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For first time, medical marijuana to be studied as treatment for veterans’ PTSD

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DENVER -- A groundbreaking trial funded by Colorado soon will shed light on the use of medical marijuana by veterans suffering from post-traumatic stress disorder.

For the first time, the Drug Enforcement Agency has given the green light to a controlled, clinical trial of medical marijuana for veterans suffering from PTSD.

Local veterans have spent years fighting the Colorado Board of Health and Department of Public Health and Environment to include PTSD as a qualifying condition for medical marijuana, but the board has repeatedly denied the request, citing a lack of scientific evidence.

Now, a $2 million research grant awarded by Colorado has the potential to help provide the evidence many states are seeking.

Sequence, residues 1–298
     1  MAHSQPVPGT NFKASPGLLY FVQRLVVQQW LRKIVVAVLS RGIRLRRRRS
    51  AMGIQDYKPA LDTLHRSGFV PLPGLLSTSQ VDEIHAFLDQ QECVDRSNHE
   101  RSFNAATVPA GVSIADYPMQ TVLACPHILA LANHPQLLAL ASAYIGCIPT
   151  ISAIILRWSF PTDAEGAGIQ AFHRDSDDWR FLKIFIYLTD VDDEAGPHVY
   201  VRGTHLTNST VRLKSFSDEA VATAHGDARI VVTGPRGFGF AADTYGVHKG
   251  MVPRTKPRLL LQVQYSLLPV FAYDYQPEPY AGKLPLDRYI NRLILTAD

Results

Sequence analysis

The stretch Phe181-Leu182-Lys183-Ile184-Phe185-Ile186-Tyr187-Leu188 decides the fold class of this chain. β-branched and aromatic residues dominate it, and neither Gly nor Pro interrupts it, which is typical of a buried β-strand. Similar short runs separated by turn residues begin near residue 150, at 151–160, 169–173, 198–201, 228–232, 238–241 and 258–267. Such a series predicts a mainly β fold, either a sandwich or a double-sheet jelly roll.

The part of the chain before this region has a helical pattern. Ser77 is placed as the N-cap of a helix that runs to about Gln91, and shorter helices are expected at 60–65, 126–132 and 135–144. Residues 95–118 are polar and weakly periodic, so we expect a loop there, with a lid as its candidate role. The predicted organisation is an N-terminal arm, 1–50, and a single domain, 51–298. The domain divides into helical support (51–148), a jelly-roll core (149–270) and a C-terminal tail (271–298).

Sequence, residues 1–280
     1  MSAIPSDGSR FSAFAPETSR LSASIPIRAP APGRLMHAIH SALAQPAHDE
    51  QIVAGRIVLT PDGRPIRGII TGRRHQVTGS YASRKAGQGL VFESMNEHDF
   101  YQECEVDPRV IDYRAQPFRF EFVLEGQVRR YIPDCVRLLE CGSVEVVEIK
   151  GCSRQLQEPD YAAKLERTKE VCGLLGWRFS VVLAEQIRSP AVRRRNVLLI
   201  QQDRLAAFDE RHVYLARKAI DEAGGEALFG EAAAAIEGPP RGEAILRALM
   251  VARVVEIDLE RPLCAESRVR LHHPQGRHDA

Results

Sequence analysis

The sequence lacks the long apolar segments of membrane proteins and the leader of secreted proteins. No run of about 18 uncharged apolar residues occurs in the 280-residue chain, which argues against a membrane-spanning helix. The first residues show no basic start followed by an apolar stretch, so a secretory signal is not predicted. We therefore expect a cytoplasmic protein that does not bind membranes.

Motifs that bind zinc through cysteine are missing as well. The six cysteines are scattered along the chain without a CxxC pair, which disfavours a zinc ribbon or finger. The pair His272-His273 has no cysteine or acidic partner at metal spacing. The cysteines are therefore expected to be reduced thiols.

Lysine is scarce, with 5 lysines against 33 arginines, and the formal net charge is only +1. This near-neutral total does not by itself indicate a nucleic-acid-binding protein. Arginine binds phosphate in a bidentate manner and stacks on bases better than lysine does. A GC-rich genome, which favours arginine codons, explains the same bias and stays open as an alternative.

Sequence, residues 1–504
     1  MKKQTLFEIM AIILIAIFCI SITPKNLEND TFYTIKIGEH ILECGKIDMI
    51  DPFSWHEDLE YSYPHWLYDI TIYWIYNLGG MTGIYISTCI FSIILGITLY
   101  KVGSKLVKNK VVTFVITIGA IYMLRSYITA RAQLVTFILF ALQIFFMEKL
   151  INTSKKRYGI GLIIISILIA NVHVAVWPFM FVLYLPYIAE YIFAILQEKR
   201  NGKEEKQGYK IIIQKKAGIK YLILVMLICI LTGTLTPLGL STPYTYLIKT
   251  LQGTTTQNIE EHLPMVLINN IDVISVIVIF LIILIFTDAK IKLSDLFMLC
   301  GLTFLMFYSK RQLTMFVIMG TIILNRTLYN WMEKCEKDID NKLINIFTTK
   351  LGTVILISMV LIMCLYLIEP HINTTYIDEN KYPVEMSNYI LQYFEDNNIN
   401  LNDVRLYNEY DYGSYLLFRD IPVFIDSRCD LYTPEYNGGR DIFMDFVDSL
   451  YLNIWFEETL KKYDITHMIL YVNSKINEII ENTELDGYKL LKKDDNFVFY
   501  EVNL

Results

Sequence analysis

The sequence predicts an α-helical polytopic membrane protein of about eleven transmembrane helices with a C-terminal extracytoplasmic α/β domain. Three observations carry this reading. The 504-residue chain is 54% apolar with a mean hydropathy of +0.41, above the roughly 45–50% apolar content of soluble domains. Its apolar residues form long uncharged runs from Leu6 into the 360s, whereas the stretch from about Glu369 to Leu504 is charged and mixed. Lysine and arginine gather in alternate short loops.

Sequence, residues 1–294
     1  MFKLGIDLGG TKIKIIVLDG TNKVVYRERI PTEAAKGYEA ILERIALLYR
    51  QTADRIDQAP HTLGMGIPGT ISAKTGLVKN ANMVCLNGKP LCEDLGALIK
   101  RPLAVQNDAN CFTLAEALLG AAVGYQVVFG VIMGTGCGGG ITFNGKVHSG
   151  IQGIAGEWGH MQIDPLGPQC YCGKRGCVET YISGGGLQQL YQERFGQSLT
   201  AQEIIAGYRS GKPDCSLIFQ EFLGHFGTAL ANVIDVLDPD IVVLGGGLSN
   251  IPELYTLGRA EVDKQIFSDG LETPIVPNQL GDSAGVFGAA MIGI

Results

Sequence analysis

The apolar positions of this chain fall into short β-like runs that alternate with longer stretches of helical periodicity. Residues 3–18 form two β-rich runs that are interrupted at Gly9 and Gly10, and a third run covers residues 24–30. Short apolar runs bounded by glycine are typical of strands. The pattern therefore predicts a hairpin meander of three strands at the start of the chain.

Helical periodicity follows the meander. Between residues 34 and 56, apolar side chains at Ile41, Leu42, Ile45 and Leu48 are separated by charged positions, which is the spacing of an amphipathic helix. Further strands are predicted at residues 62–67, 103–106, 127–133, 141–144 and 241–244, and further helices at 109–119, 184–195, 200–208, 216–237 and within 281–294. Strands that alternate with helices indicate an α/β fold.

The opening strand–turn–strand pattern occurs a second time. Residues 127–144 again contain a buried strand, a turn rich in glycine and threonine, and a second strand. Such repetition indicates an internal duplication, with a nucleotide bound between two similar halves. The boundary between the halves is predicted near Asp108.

"It's very significant," said Marcel Bonn-Miller, principal investigator for the study.

Bonn-Miller said the trial, which took more than a year to gain approval from the DEA, will be conducted in medical centers in Arizona and Maryland.

"We're looking at 76 military veterans and examining four different types of cannabis and seeing how it impacts their symptoms," Bonn-Miller said.

Veterans will smoke marijuana from pipes. A control group will smoke a placebo. The study could take up to three years, but it will still mark an important first for research of this kind.

"Without Colorado's initiative in setting aside money for this, this work couldn't get done," Bonn-Miller said. “The biggest stumbling block or barrier to this research is funding, more so than federal regulations or red tape."